If you suspect that you or your child might have a learning disability (not limited to just dyslexia), the psychiatrists, psychologists, psychiatric nurse practitioners, social workers, or psychotherapists at Arista Counseling can help you. Contact our Paramus, NJ or Manhattan, NY offices respectively at (201) 368-3700 or (212) 722 1920 to set up an appointment.

Visit http://www.acenterfortherapy.com for more information.

Source:

Perlstein, David, and Melissa Conrad Stoppler. “Dyslexia Symptoms, Types, Tests, and Treatment Information.” MedicineNet. MedicineNet, Inc., 10 Dec. 2015. Web. 10 Mar. 2016.

By: Scout H

 

 

Depression: Postpartum Depression in Mothers

Pregnancy and childbirth may be a time of great joy, as one is bringing in a new life into this world. However, it can also be a time of great difficulty. Many mothers may experience the “postpartum baby blues” which occurs within the first three days after giving birth and may last for up to two weeks. Symptoms may include crying, anxiety, and difficulty sleeping. The “baby blues” may affect up to 80% of mothers. A more severe experience, a type of depression, is postpartum depression. Mothers experience extreme sadness, anxiety, and tiredness for more than 2 weeks. Other symptoms may include:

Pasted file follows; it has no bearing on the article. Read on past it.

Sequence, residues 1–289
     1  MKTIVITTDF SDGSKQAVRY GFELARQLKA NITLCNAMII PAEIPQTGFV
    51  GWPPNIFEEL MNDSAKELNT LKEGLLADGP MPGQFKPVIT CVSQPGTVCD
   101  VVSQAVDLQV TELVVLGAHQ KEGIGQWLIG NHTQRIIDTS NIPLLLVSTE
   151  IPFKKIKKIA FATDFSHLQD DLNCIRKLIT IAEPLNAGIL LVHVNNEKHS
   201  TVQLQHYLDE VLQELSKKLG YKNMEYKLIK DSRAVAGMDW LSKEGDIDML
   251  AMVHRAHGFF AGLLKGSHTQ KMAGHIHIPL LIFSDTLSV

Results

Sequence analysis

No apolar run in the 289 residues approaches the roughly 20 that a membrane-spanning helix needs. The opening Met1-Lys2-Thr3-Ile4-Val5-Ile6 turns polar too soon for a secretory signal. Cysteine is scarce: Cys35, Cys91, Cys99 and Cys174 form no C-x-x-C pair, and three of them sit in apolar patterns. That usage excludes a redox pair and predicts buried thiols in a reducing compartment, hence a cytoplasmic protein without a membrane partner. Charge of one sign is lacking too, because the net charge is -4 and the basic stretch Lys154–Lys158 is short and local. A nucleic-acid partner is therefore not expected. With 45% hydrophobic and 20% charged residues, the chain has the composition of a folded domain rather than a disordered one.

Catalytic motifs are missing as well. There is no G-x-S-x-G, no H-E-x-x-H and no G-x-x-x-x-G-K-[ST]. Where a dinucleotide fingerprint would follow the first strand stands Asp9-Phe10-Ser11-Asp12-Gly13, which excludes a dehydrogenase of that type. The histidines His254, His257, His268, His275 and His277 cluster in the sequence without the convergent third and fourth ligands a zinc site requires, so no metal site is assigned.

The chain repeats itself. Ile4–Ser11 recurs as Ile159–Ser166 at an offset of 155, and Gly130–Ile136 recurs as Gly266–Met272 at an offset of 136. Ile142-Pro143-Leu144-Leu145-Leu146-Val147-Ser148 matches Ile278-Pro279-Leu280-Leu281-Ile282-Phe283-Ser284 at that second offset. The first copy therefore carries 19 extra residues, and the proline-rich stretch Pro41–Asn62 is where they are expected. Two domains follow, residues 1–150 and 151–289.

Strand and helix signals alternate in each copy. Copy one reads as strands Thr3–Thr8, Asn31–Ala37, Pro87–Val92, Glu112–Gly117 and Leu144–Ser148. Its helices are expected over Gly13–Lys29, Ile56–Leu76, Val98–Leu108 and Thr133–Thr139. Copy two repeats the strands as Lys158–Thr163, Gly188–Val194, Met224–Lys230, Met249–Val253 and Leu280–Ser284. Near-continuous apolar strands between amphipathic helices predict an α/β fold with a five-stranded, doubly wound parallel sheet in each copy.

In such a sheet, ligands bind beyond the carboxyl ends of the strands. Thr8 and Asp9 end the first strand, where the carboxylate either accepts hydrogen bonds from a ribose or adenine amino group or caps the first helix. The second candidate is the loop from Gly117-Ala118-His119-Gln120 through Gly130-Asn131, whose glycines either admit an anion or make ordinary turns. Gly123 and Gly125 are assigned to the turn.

• Having trouble concentrating, remembering details, and making decisions
  • Experiencing anger or rage
  • Losing interest in activities that are usually enjoyable
  • Suffering from physical aches and pains, including frequent headaches, stomach problems, and muscle pain
  • Eating too little or too much
  • Withdrawing from or avoiding friends and family
  • Having trouble bonding or forming an emotional attachment with your baby
  • Persistently doubting your ability to care for your baby
  • Thinking about harming yourself or your baby

Postpartum depression doesn’t have a single cause, but it is not caused by a mother’s flaw. It is likely resulted from physical and emotional factors. Depression or bipolar disorder during pregnancy or before can also affect the likelihood of experiencing postpartum depression. Treatment may include talk therapy and medication. If left untreated, the symptoms may continue for months and even years. This can affect the mother’s relationship with the baby and can negatively impact the baby’s development.

If you believe that you or a loved one has or may have postpartum depression, the psychiatrists, psychologists, psychiatric nurse practitioners or psychotherapists at Arista Counseling can help you. Please contact our Bergen County, NJ or Manhattan, NY offices respectively at (201)-368-3700 or (212)-722-1920 to set up an appointment, or visit http://www.acenterfortherapy.com for more information.